|Photo © Javad Tizmaghz-All Rights Reserved|
It's been a while I haven't featured the work of a photojournalist, and here's the work of Javad Tizmaghz, an Iranian photographer specializing in documentary photography, and currently based in Malaysia. His work was published in a number of publications, including the Guardian. He is also an alum of the Foundry Photojournalism Workshop 2011 which was held in Chiang Mai.
I was attracted to Javad's photo story on the cock fighting in Indonesia, and chose the above photograph for this post because of the similarity in man's eyes and that of his rooster...and to me, this made the picture.
Javad's Tajen documents the Balinese tradition of cockfighting (which is known locally as Tajen) is mixed with religious rituals. Cockfights, while technically illegal, are required at temple and purification ceremonies. The local police is loath to prevent such bouts since the prevailing belief is that these are protected by the deities of the temples. There are ancient texts proving that the cockfighting ritual has existed for centuries, so Balinese police can legitimately look the other way.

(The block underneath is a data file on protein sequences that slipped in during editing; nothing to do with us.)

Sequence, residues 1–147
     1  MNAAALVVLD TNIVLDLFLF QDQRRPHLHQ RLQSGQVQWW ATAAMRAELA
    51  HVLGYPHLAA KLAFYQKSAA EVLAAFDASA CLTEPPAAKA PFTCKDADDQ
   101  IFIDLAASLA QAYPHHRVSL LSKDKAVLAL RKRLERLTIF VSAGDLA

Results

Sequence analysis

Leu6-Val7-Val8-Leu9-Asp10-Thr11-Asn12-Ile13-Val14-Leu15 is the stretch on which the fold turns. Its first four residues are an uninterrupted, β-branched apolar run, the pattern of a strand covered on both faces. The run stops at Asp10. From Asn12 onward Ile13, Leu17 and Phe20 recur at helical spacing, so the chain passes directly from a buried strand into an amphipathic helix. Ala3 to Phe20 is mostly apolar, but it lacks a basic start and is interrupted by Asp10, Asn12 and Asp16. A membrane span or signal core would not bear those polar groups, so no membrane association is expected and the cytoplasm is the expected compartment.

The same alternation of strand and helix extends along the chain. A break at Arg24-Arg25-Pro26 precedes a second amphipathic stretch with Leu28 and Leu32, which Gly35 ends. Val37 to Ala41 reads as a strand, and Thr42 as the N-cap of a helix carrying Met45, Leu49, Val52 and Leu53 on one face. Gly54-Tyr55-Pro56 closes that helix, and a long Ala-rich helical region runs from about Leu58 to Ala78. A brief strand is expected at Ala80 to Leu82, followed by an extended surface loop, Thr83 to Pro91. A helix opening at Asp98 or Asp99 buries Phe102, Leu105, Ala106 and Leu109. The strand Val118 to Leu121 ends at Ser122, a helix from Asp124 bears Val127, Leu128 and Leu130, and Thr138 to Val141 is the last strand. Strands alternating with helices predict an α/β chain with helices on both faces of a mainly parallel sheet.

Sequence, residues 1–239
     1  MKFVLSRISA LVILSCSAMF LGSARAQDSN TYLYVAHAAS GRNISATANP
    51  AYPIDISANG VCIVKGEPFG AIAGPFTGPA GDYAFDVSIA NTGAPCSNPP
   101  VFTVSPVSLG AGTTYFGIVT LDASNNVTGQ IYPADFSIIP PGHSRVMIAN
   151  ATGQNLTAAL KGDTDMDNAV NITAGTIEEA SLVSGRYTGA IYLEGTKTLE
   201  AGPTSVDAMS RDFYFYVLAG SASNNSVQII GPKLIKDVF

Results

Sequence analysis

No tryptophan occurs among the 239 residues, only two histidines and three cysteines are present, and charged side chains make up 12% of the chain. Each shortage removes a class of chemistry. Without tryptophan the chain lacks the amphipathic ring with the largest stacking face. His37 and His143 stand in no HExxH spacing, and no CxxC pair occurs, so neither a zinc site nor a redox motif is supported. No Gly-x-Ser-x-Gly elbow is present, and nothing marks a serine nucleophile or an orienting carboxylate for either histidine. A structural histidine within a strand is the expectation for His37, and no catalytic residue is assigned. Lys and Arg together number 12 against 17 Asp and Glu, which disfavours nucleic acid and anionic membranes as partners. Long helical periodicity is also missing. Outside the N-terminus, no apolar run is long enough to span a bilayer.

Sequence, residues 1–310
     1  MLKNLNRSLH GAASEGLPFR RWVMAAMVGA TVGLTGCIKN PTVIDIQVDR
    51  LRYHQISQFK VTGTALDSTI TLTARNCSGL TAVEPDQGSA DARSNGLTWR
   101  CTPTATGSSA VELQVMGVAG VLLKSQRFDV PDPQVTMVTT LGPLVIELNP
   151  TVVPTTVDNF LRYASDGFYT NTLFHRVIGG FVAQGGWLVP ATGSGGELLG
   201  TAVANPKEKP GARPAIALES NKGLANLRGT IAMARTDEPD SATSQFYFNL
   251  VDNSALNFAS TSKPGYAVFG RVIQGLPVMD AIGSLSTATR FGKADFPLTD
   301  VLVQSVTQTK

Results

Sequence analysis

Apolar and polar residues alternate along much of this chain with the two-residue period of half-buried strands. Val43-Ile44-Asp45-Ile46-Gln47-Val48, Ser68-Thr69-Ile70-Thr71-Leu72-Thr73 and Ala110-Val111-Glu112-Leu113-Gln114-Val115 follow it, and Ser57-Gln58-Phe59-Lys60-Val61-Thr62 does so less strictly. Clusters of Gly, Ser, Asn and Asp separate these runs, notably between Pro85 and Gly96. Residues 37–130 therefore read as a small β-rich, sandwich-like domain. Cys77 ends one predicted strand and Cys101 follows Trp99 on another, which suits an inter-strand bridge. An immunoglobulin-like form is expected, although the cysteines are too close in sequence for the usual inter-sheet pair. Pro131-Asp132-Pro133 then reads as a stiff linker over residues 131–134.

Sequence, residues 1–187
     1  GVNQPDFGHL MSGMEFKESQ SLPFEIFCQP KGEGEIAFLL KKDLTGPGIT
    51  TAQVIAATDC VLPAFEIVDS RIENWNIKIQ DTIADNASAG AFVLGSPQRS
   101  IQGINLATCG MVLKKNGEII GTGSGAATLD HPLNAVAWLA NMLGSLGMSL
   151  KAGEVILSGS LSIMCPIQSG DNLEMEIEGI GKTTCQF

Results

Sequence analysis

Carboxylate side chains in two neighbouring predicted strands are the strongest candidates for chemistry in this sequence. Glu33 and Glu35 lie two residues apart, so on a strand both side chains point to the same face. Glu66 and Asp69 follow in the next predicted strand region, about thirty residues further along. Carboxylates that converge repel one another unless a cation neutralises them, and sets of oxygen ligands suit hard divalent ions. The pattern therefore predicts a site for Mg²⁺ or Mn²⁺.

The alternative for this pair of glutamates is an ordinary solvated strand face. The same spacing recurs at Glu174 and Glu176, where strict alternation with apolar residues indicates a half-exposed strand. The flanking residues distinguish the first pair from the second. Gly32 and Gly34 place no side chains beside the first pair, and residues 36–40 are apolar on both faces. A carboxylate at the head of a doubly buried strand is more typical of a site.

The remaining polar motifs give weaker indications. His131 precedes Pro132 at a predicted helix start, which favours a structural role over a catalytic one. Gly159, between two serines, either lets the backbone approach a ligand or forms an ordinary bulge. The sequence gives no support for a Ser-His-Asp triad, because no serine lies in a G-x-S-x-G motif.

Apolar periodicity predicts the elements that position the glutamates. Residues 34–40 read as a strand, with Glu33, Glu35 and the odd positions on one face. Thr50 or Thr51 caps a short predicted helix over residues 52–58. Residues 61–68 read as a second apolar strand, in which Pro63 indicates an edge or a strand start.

I have featured a number of cockfighting photo essays on my blog, including my own. It's usually a male-only spectator/participant kind of venue, and when I walked in the site during one of the fights, followed by a number of female photographers who were in my photo workshop group, there was a noticeable silence amongst the crowd. However, the excitement of the bouts soon seduced the onlookers back to the action, and away from us.
Cockfighting is common in South and South East Asia; and is a gambling event in countries such as The Philippines, Thailand, Indonesia (Bali), Southern India and even Japan.